The policeman closest to the door asked me if I'd called for help and what was going on. I explained the situation to him and asked him to come in. As he entered, he shone his flashlight in Rob's face. "That him?" he asked. "NO! That's my boyfriend!!!"
Rob ushered him into the bedroom while I paced nervously in the kitchen.
I wasn't there to see it, but Rob has told me that when he took the policeman into the bedroom, they found the intruder sprawled out, spread-eagle in the bed. The guy really knew how to make himself feel at home!
Several other policemen entered the apartment and were glancing around. I overheard one of them make a comment about all the empty beer cans on the coffee table. I couldn't help but wonder if the evidence of recent imbibing made them think we'd made this all up in our minds. But as they gravitated toward the bedroom and found the first officer shouting at the man in the bed, I'm sure they realized we weren't joking.
Although the police were able to roust the man enough to garner responses from him, the guy was more than a tad incoherent.
"Hey! HEY! Wake up! Do you know where you are?"
"Do you have any right to be here? Did anyone allow you in?"
"…because of the way that I am…"
"All right. Get up and get your clothes on. Guys, let's get him out of here."
One of the officers went through the apartment and gathered up the intruder's clothing. He hesitated slightly at the end of the trail. Gesturing toward the zebra print briefs, he looked at Rob and me and asked, rather sheepishly, "Are those yours?" "UNH-UNH!!!" we replied adamantly. He picked them up with his baton and went into the bedroom.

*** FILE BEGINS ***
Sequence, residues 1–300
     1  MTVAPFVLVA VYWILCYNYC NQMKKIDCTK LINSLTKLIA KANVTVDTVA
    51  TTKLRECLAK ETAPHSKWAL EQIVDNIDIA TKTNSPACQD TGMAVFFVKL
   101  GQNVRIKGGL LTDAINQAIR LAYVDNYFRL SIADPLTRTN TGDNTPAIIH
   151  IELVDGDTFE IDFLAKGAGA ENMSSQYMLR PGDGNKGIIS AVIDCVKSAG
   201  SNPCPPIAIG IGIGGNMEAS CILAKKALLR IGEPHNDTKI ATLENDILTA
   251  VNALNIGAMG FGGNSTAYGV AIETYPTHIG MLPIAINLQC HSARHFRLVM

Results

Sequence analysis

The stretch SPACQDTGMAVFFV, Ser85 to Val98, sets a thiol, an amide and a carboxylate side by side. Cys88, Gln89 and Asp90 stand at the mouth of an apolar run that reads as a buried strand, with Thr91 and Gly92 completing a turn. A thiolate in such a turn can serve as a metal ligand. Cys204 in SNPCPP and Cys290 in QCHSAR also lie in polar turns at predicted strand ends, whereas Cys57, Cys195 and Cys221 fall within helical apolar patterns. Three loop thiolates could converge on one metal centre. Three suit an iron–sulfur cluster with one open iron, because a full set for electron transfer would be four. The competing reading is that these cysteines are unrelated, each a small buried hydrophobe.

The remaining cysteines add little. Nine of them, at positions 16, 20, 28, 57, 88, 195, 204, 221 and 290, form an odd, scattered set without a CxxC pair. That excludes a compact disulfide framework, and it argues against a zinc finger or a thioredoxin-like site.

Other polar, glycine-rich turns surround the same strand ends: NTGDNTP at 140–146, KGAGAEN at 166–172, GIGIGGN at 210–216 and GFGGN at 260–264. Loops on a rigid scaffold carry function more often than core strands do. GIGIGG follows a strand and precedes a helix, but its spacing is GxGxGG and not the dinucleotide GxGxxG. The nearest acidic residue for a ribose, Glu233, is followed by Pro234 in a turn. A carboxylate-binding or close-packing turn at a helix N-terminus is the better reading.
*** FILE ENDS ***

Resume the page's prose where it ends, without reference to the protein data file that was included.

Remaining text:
After the police got the man into his clothing, they hustled him out of our apartment. Assured that we were safe, Toni followed the group of officers outside.
Once the hubbub had died down, Rob and I sat at the kitchen table helping the remaining police officer complete an incident report. At one point, Fresno wandered out from the bathroom where we'd hidden him from our landlady. As he sauntered past the policeman, the cop looked down at him and dryly remarked, "He's not an attack cat, is he?"
That gave us a good laugh, which we sorely needed after the hectic pandemonium of the evening.
The following day, I was contacted by a reporter at The Rocky Mountain News. He politely asked me a few questions regarding the incident and thanked me for my time, explaining that the story would appear in the paper sometime in the next few days.
We bought a copy of the paper for posterity when the article was published. An aged photocopy of the article appears above this story.
A day later, our story was featured at the end of a local newscast in the "humorous story of the day" slot. There sat Bob Palmer, a Denver newscaster I'd grown up watching for so many years, getting a giggle out of that freakish evening we'd endured! I felt as though a trusted grandparent was laughing at me after watching me fall off the roof.
But, what the heck, even I could see the humor in it. I just wasn't ready to laugh about it at that point.
After all, Rob and I hadn't even had the nerve to return to sleeping in the bed at that point. We'd decided we'd get more rest if we slept on the floor in the living room -- at least until we could get over our collective case of heebie-jeebies from the event.
New Year's Eve
Well, time marches ever onward and life, she do go on…
A week after "Captain Nakey" paid us a visit, we found ourselves back at my parents' home for New Year's Eve.